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[New Data] Does Posting on Social Media via HubSpot Hurt Social Reach?

Mar 23, '18 / by Christina Bockisch

Posting on social media

Back in 2011, when I was a senior in college, I had an internship at a public relations firm doing social media. It was my first time handling social media for businesses, and I learned a ton about crafting content for your audience, reputation management and developing social media strategies for businesses.

As time passed, I found myself doing less social media work, and instead, I shifted my focus toward content creation and marketing strategy.

So, when I took over Clariant Creative’s marketing and had the chance to do social media work again, I was both excited and terrified. 

Even though I started out my marketing career doing social media, I’ll be the first to admit that it’s been a while. Therefore, I’m always looking for ways to do things better, improve our reach and increase engagement.

And that’s how this little social media experiment came to be.

Our social media experiment

Our social media experimentHere at Clariant Creative, we belong to several Facebook groups for HubSpot users and agency owners. Recently, we’ve seen several postings on these groups suggesting that when social media posts are scheduled via a third-party tool (such as HubSpot or Buffer), these posts see less visibility. The idea is that social media channels give preferential treatment to posts that are published directly in the tool.

In other words, people are suggesting that if you publish a social media update directly in Facebook, Facebook will show that update to more people than if you publish the update using HubSpot or Buffer.

This made us wonder: Should we start posting directly on our social media channels rather than using HubSpot for social media publishing? Might this help us increase our social media organic reach and improve engagement on our posts?

We could’ve easily done a quick Google search to give us an answer on this topic. But we thought it might be fun to run a little experiment of our own. So, for two weeks – from February 19 to March 2, 2018 – we decided to post directly on Facebook, Twitter and LinkedIn to see if this impacted our organic reach, engagement and website clicks.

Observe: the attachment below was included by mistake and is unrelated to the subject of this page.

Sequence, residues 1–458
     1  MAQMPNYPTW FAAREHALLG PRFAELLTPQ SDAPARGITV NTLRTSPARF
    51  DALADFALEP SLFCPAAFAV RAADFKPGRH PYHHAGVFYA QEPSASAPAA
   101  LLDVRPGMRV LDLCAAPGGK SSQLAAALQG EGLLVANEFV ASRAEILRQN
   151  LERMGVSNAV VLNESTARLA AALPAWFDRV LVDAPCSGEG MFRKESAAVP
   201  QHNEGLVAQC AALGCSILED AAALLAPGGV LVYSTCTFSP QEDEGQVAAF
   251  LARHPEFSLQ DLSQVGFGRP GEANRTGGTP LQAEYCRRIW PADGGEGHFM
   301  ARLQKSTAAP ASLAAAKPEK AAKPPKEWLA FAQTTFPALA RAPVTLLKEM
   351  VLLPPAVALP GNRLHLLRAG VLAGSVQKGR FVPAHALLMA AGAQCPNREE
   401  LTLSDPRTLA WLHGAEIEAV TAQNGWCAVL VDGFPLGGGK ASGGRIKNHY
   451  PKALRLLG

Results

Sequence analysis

Related Content: The Beginner's Guide to Using Social Media for Business

The results: Does using third-party tools negatively impact social media organic reach?

After two weeks of posting directly on each channel, I was really excited to compile and analyze all the data. Now, onto the results!

In short, posting directly on Facebook, Twitter and LinkedIn DIDN’T increase our organic reach or engagement.

Not only was there no increase, on Facebook and Twitter, we noticed a DROP in organic reach during the two weeks of the experiment compared to the four weeks prior.

Now, to be clear, the drop in organic reach on Facebook is most likely from the newest algorithm update back in January (more on that later), so we have to take these numbers with a grain of salt.

On LinkedIn, we didn’t see much of a change at all. The first week, reach increased and the second, it decreased. But on average, the numbers were about the same.

Here’s all the data I compiled. I pulled our numbers from the four weeks prior to the experiment, along with the numbers from the experiment itself. This was especially important with Facebook, as it allowed me to see how the new algorithm update impacted our organic reach.